4. HOA.  If you have home owner’s association dues.  Figure that monthly cost.
  5. So,the above list is used to calculate basic cash flow:
    1. Take gross rents per month
    2. minus principal and interest mortgage payments
    3. minus property taxes
    4. minus insurance
    5. minus HOA
    6. =  Basic Cash Flow Per Month

Now to get more advanced, you can figure these additional expenses:

  1. Average monthly maintenance/repair costs (consider $50 to $100+ per month)
  2. Average vacancy cost (consider 5% to 10% or more depending on your area)
  3. Property management fees (if you manage yourself, then it is $zero!)
  4. subtract all the above and then you will have a more precise picture of Cash Flow!

Thanks for reading,

Hong Lee, CCIM

DuplexDianne Team

http://www.DuplexDianne.com for articles and property listings

Not in the Austin, TX area?  Ask us for a duplex Realtor referral in your city!

Cash Flow

Cash flow means different things to different people.  Cash flow is a primarily function of down payment, mortgage size, and mortgage terms.  So, when someone says “Does it cash flow?”  that really needs to be qualified.  Is the down payment 5%, 10%, 20%, 25% or more?  What are the mortgage terms, regarding the interest rate and length?

What about property taxes, insurance, and potential HOA fees?  How about an estimate for average repair costs?

Some properties cash flow better than others and location plays a big part of it.  Rents can vary widely depending on condition as well.

Cash flow to some may mean $100 positive per month and others $300 positive is considered cash flow.  So, when someone says “Does it cash flow?”  try to qualify that with some numbers and definition of cash flow.

Since interest rates are now at 40 year lows in the 4.75% and 5% range, cash flow can be better than before.  Note that cap rate is independent of mortgage terms, which we will discuss next.

Thanks for reading.

Hong Lee, CCIM

According to 2010 National Apartment Report by Marcus & Millichap, job growth is going to fuel apartment demand in the Austin area.  What does this mean to duplex owner?  Increased apartment demand often indicates increased duplex renter demand.  Duplexes have added advantages of a fenced backyard, garage, and often more privacy (just one or no shared walls).

Rents are projected to rise 0.6 percent and payrolls are projected to increase by 2.5%.  While other cities are in decline, Austin, Texas is still going strong! 

Here is the article:

Job Growth to Fuel Austin Apartment Demand, Feb. 2010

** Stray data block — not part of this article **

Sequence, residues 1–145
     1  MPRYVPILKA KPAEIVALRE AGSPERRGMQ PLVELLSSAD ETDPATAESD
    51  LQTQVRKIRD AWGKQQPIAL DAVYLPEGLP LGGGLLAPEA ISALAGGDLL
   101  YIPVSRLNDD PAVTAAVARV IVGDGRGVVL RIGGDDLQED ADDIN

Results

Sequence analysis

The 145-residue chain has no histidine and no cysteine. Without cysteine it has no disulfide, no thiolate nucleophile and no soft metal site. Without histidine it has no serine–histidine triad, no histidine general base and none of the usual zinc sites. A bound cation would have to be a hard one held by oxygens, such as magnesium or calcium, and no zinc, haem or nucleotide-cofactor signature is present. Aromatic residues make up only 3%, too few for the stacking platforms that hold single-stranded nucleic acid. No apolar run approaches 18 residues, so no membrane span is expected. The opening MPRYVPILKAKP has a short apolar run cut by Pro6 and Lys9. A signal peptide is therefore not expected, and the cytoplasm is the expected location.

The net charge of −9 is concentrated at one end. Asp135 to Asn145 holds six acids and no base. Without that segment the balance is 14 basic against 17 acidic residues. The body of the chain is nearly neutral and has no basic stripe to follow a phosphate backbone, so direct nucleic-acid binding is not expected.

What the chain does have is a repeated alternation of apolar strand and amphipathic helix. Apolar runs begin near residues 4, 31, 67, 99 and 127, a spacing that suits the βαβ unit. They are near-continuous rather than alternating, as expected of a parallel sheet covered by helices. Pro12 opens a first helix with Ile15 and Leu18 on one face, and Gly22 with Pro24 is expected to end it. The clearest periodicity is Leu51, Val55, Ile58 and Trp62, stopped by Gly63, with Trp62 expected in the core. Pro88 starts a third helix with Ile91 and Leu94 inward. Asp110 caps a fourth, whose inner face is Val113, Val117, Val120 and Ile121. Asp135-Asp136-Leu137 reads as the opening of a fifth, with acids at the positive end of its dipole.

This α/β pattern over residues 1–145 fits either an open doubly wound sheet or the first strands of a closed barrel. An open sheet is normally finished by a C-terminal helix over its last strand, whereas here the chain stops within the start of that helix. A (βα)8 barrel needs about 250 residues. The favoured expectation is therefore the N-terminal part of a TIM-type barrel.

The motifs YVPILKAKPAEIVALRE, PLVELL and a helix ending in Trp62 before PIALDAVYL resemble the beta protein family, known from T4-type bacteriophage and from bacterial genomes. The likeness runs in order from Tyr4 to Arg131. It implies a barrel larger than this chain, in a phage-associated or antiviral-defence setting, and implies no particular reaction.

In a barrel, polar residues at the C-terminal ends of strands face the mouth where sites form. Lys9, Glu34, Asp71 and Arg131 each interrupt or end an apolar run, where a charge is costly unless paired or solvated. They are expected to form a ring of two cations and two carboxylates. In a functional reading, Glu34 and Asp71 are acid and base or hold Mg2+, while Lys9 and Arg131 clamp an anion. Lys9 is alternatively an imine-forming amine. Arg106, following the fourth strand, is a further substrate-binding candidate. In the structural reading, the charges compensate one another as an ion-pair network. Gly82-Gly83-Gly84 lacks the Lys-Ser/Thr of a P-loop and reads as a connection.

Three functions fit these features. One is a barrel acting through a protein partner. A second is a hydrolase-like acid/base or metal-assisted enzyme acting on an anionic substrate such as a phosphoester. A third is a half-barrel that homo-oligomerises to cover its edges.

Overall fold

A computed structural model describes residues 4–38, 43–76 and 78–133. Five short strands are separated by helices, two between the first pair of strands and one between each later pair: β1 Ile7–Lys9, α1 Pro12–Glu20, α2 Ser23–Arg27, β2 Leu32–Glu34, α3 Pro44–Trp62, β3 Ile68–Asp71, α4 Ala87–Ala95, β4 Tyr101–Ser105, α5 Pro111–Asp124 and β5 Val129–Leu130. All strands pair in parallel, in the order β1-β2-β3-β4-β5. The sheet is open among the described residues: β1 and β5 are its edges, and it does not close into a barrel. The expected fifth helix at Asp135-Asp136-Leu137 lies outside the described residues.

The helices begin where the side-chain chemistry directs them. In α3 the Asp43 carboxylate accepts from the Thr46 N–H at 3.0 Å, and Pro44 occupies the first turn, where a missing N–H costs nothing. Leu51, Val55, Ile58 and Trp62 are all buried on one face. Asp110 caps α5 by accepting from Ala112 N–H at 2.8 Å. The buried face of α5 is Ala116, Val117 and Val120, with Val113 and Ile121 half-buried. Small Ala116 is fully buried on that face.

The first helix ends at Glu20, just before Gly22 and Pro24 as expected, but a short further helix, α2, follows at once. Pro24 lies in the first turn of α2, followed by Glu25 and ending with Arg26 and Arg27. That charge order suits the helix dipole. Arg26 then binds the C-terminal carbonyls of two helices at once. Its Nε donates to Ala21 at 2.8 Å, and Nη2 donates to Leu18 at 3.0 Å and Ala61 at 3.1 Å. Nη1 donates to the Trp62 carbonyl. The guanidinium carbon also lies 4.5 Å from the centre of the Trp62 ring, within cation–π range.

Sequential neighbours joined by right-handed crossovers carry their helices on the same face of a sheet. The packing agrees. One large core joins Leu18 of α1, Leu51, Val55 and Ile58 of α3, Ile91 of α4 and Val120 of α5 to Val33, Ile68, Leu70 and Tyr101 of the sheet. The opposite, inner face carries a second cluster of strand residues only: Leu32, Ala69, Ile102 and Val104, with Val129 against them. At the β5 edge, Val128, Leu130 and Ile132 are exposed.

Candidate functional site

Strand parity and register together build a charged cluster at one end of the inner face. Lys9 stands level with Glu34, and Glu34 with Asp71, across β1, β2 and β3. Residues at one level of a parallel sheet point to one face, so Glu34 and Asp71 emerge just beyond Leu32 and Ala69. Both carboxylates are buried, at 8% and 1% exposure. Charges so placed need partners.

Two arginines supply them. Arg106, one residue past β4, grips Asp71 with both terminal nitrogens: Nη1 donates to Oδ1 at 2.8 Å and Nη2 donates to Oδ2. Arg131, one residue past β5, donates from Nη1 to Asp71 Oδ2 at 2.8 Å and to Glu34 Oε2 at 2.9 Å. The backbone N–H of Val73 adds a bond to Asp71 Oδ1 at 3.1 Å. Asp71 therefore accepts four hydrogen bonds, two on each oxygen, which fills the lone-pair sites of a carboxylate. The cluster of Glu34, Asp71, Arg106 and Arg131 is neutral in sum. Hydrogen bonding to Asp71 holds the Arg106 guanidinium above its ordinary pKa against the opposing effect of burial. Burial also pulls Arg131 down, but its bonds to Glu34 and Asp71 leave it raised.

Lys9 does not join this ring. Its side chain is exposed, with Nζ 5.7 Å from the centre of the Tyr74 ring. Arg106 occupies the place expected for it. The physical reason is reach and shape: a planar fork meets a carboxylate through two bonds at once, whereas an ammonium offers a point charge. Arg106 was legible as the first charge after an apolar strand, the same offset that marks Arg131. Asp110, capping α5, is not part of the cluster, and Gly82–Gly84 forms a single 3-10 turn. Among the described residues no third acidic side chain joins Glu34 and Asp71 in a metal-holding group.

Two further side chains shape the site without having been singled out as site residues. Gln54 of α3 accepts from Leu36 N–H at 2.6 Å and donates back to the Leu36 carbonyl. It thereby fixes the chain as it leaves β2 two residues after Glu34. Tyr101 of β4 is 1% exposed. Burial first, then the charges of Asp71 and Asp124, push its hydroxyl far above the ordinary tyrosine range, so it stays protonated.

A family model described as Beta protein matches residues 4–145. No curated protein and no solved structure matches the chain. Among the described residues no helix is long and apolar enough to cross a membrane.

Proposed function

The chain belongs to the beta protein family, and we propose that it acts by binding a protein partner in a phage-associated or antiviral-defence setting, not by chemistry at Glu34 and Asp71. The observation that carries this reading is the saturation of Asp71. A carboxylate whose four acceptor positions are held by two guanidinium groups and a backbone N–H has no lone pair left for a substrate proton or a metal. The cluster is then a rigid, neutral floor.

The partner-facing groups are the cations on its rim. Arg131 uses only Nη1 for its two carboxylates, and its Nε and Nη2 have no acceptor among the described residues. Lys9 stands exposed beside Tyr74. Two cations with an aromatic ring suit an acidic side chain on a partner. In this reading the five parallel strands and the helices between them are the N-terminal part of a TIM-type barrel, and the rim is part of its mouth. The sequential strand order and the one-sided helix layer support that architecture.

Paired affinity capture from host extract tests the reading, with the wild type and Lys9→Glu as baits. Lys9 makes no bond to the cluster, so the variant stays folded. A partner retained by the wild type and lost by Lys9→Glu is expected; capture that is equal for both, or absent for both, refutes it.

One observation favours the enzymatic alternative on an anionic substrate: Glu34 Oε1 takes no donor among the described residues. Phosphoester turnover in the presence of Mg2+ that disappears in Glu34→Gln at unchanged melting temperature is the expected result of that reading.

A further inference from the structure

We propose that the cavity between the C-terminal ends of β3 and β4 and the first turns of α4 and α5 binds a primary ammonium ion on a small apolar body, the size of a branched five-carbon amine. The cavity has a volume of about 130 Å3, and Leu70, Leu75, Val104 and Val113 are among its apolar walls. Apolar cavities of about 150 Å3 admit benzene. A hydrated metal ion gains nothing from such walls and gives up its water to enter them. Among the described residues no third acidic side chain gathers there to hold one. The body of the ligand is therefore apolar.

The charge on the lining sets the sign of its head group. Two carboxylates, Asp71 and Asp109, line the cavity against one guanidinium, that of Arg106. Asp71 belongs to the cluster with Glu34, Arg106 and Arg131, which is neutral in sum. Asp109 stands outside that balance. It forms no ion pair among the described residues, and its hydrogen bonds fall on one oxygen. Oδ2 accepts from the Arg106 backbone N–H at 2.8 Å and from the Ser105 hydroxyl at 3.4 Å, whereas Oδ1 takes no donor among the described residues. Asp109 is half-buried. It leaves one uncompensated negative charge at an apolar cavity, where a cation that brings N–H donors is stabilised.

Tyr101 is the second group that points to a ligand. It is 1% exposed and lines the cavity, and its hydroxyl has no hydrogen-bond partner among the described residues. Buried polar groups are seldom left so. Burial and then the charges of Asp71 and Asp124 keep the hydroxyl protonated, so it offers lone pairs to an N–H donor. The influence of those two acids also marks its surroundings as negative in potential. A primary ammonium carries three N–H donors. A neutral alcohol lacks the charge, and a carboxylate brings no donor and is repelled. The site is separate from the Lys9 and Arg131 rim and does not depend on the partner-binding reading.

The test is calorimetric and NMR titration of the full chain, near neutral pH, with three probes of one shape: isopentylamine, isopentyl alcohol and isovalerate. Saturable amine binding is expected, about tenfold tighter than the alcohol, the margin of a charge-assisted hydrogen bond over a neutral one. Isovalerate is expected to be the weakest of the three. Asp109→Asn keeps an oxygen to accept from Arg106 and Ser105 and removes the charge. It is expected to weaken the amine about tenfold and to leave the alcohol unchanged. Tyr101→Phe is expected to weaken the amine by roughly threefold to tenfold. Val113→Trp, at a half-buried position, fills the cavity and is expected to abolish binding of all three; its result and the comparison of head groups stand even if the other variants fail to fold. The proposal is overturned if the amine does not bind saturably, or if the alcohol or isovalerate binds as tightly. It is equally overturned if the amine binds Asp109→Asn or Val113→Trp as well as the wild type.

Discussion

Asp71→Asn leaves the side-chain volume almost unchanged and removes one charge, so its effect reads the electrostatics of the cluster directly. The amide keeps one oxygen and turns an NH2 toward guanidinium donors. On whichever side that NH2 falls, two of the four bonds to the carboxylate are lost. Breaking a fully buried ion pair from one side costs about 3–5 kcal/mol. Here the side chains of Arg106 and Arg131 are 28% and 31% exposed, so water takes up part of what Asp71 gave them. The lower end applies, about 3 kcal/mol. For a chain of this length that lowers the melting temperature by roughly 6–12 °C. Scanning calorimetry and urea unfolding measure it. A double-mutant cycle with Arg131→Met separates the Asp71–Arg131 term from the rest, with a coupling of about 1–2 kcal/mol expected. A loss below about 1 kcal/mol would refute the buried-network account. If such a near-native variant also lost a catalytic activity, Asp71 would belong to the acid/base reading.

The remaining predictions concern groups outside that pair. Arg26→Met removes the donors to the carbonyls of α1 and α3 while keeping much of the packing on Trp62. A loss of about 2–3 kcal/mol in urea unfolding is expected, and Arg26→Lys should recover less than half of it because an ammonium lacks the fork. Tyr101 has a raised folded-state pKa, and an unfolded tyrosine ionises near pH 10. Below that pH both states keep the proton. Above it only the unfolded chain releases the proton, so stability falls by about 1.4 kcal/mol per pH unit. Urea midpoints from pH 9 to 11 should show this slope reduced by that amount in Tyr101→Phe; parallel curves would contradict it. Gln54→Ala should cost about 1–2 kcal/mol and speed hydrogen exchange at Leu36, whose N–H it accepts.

(RECON, 2/5/10)

The Capital City’s robust employment growth is expected to resume in the coming months, attracting job seekers from areas hit hard by the recession, according to the 2010 National Apartment Report by Marcus & Millichap.

A recovery in the global economy will be particularly beneficial for Austin firms, as technology sales in emerging markets will revive the local manufacturing sector, which has declined by 15 percent since peaking in 2007.

Following are some of the most significant aspects of the Austin Apartment Research Report:

  • Job growth is expected to gain steam this year. Companies are forecast to expand local payrolls at a 2.5 percent clip with the addition of 19,000 positions.
  • A sharp reduction in multifamily development activity is expected in 2010 as 2,500 units come online. Last year, 7,900 apartments were delivered.
  • Population gains and job growth will fuel a 2.1 percent increase in apartment demand this year, resulting in a 40 basis point improvement in vacancy to 10.6 percent.
  • Asking rents are forecast to rise 0.6 percent in 2010 to $849 per month while effective rents retreat 0.7 percent to $752 per month.

The home buyer tax credit has been extended to April 30, 2010.  That is, you must be under contract by that date.  Then the government gives you until June 30, 2010 to actually close on the purchase.  $8k is a good deal to take advantage of while interest rates are hovering around 5%, an all time low for decades!  This tax credit is for owner-occupants and every buyer should check with their CPA for applicability to their situation.

Buy a duplex or a fourplex and let the government help with your investment!  We have posted some new duplex reports at http://www.duplexdianne.com.

Thanks for reading.

Hong Lee/The Duplex Dianne Team